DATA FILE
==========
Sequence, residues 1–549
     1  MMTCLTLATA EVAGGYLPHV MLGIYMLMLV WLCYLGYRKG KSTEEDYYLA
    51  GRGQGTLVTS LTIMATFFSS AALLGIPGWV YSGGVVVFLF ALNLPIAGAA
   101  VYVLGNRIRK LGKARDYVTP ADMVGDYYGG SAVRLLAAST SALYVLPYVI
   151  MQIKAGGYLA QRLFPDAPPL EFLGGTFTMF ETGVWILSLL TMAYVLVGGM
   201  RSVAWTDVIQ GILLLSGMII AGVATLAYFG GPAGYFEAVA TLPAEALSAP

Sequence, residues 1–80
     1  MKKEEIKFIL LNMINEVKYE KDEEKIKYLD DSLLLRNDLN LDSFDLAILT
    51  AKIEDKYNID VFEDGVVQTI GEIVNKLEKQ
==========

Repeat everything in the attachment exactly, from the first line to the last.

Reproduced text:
Sequence, residues 1–549
     1  MMTCLTLATA EVAGGYLPHV MLGIYMLMLV WLCYLGYRKG KSTEEDYYLA
    51  GRGQGTLVTS LTIMATFFSS AALLGIPGWV YSGGVVVFLF ALNLPIAGAA
   101  VYVLGNRIRK LGKARDYVTP ADMVGDYYGG SAVRLLAAST SALYVLPYVI
   151  MQIKAGGYLA QRLFPDAPPL EFLGGTFTMF ETGVWILSLL TMAYVLVGGM
   201  RSVAWTDVIQ GILLLSGMII AGVATLAYFG GPAGYFEAVA TLPAEALSAP

Sequence, residues 1–80
     1  MKKEEIKFIL LNMINEVKYE KDEEKIKYLD DSLLLRNDLN LDSFDLAILT
    51  AKIEDKYNID VFEDGVVQTI GEIVNKLEKQ